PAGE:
– Send out programmers to repair centers around the world to allow them to do updates (no extra time, but a lot of extra cost and annoyed customers).
None of the above are particularly appealing and I need to have a think about which way to go.
2020 has been a terrible year for Dove Audio sales wise, and I’m just about treading water financially, yes I do this as a hobby so don’t have salaries to worry about but I do have accountants bills, website bills and tax bills to pay.
These two things, and a number of personal issues I’m dealing with, have hit my mood very hard and I can feel myself dropping back into depression.
So, I’m going to be stopping for a while whilst I try and get some semblance of a “level playing field” back into my personal life and have a think about MuSeq.
A few people noticed something odd to the left of my Q119 sequencer from synthesizers.com. This is my trigger expander, basically I wanted something that would let me trigger noise shots, or toggle end points on the sequencer.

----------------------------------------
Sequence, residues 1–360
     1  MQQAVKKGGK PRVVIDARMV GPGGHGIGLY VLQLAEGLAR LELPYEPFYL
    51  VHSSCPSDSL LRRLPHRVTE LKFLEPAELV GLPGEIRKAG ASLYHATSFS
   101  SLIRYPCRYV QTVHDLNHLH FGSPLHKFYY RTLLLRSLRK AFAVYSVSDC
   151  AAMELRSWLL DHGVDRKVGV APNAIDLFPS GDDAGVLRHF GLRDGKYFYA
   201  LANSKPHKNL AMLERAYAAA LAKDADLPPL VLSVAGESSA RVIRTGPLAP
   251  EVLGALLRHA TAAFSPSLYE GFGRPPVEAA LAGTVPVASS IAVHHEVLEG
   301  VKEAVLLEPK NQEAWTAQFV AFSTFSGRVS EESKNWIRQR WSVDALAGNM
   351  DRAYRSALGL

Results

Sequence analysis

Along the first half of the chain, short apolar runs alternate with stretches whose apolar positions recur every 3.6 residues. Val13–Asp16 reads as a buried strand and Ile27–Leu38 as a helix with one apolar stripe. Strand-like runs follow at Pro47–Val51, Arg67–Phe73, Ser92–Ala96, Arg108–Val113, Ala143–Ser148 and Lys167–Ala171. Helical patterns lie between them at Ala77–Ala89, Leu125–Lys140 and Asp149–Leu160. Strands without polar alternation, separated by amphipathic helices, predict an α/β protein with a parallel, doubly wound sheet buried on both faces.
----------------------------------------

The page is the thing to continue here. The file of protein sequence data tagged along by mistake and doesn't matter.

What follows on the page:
Now, synthesizers.com very kindly put a header on the back of the Q119 which brings out the key signals you need to do this, so adding an external trigger module was simply a case of reverse engineering the pin out and making a PCB.
This shows the PCB, and what I wanted to accomplish was that this was something people could make themselves rather than something I was going to sell. Why? well a number of reasons, I don’t honestly believe many people would be interested in buying and also the cost of the switches would make it quite an expensive module to sell, for what it does.
So I made it through hole, this was a huge pain in the butt, routing PCBs with surface mount parts is so much easier because you can run tracks under pads, with through hole, every track has to go between the holes. Add to this the fact I wanted to keep it 1U wide.